Why Did God Choose Moses?

The Fellowship  |  December 12, 2022

Engraving of Moses with his arms up and God above him.

We take it for granted that Moses was chosen to be Israel’s redeemer. But have you ever wondered why God chose Moses?

All we know about Moses’ early life—before he was chosen by God—is that he was raised in Pharaoh’s palace and that he killed an Egyptian who was beating a Hebrew slave. While we can certainly admire Moses’ ability to stand up for what he believed in and to reject a life of royalty for justice and truth, these qualities still don’t explain what God saw in Moses that caused Him to choose this particular man. We can imagine that among the Israelites there were most likely other men and women with similar character traits, including Moses’ brother, Aaron, and his sister, Miriam.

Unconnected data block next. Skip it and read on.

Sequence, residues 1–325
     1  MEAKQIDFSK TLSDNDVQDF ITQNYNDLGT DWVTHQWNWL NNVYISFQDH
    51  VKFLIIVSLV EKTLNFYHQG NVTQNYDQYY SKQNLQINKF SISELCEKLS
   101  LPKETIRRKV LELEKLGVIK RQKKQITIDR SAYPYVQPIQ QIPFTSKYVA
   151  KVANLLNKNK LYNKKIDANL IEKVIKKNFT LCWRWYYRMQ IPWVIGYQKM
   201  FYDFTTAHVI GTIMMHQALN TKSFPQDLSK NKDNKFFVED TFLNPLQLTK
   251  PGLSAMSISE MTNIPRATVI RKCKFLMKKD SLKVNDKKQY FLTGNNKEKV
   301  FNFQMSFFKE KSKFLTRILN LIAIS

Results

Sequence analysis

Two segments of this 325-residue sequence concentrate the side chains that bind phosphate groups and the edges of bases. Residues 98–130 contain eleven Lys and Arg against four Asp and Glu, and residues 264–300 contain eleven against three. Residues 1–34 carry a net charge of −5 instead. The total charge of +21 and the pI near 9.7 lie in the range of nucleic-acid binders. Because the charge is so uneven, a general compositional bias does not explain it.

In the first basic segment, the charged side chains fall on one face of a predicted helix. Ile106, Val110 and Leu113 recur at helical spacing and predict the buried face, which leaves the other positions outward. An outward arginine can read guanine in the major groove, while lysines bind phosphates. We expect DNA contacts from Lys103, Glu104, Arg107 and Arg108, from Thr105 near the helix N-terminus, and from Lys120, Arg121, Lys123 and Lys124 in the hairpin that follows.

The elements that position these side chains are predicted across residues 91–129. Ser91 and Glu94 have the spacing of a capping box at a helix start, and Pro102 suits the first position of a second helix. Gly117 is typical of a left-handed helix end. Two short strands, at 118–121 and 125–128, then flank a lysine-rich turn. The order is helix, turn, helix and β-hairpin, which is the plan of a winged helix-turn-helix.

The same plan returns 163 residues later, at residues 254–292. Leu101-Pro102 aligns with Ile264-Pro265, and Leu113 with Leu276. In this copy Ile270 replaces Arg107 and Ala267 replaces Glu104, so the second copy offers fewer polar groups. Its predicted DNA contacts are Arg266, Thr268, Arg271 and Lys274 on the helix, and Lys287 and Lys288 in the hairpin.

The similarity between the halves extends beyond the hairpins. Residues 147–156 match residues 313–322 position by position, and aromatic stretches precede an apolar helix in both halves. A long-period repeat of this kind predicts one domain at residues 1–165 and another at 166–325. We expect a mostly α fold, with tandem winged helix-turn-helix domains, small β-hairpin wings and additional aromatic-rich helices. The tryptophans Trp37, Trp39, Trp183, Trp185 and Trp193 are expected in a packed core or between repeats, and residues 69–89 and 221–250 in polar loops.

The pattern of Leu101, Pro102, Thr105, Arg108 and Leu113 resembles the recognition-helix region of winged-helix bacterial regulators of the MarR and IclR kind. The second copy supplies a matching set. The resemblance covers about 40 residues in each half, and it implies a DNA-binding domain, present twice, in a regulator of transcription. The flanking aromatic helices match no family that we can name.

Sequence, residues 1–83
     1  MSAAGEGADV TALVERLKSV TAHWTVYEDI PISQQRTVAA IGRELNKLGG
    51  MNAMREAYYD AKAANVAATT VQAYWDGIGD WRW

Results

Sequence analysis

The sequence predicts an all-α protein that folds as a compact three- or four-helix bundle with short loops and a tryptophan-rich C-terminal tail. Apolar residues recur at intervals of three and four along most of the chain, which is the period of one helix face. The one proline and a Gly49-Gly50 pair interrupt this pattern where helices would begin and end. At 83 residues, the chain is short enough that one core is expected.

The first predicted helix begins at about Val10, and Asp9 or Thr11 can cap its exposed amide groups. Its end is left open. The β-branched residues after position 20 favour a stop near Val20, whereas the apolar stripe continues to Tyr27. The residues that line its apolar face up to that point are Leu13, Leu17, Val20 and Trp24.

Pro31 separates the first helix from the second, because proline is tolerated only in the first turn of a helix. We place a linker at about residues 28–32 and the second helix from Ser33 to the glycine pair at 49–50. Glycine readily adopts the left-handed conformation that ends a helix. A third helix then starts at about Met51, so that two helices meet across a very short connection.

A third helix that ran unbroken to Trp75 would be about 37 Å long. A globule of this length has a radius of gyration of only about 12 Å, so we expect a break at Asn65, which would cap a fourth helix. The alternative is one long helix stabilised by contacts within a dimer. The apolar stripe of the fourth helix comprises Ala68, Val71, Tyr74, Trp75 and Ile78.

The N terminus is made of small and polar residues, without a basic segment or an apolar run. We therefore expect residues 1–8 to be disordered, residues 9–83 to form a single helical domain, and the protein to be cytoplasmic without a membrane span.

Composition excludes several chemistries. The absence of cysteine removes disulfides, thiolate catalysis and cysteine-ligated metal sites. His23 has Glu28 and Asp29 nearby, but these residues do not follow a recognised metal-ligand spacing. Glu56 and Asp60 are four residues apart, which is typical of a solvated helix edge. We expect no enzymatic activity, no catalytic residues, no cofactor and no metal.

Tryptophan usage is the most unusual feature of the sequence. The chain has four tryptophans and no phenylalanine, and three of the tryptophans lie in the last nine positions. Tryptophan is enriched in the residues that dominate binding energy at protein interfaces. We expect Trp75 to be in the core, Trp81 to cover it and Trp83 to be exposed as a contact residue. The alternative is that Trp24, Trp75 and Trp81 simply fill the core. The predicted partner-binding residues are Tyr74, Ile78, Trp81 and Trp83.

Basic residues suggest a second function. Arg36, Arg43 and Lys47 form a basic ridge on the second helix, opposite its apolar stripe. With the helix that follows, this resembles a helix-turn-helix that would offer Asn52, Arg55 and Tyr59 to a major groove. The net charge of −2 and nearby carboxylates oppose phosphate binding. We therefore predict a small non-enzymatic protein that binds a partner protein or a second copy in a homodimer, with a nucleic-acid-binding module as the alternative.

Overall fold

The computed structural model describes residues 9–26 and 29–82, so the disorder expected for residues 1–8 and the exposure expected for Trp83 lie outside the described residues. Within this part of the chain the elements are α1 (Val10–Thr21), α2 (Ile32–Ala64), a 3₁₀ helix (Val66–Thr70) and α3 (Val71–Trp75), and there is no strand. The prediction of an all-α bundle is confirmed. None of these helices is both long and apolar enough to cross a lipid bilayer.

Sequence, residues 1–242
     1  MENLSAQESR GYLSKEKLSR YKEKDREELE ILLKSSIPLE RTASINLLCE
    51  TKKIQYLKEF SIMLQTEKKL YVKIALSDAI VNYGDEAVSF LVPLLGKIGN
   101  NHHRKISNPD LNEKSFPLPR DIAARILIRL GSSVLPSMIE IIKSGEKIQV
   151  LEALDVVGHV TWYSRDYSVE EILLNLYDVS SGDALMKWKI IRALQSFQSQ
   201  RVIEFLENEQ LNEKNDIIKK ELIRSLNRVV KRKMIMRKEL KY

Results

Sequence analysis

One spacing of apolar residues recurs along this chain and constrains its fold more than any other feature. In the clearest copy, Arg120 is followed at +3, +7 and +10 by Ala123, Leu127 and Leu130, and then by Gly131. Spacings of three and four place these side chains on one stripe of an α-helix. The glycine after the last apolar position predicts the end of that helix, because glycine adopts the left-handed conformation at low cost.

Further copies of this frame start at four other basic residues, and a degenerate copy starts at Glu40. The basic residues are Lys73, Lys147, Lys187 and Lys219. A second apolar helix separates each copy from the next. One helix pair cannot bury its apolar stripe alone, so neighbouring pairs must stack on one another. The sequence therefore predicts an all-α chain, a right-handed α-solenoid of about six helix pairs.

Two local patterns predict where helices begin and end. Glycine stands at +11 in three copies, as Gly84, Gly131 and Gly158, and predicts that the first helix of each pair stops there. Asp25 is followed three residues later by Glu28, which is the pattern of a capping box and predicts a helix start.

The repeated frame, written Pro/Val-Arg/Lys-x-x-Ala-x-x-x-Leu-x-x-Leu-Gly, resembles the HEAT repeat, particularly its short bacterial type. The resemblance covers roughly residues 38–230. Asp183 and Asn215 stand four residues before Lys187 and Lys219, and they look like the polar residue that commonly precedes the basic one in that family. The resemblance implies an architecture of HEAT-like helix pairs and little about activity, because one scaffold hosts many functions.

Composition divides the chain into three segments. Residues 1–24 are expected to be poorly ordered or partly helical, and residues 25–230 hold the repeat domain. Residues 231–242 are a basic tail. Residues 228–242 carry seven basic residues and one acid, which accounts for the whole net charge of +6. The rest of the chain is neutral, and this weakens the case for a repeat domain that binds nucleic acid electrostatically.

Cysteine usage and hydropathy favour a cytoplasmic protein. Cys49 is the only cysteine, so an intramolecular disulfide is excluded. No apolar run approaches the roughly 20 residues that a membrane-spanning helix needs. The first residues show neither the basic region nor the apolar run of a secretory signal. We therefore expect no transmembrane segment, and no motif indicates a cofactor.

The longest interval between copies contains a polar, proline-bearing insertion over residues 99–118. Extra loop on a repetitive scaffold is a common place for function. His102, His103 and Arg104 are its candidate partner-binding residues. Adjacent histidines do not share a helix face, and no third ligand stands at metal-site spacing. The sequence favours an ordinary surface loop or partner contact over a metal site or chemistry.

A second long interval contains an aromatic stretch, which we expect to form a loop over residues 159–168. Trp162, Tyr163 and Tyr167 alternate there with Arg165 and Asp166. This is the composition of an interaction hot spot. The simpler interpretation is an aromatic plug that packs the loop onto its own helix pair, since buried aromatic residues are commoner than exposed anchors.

What Set Moses Apart?

A story from the Jewish tradition sheds some light: After killing the Egyptian and running away from Egypt, Moses settled in the desert of Midian, where he became a shepherd. One day, as Moses took his flock to graze, one little lamb ran away. Moses chased the lamb to a brook, far from where he had been.

This was how Moses “came to Horeb, the mountain of God.” When Moses saw the lamb drink thirstily from the brook, he said, “Little lamb, had I known that you were so thirsty, I would have carried you to the water on my own back!” After hearing that, God said, “Moses is worthy of being the leader of my people.”

So, what was Moses’ outstanding quality that made him God’s choice? It was Moses’ willingness to go out of his way to help another creature. It was his willingness to bear a burden for the sake of another. Kindness, not intelligence or ingenuity, is most important to God. And it should be our focus and goal, too.

Pharaoh's daughter, Bithiah finds Moses in the Nile River in Egypt.
Pharaoh’s daughter, Bithiah finds Moses in the Nile River in Egypt.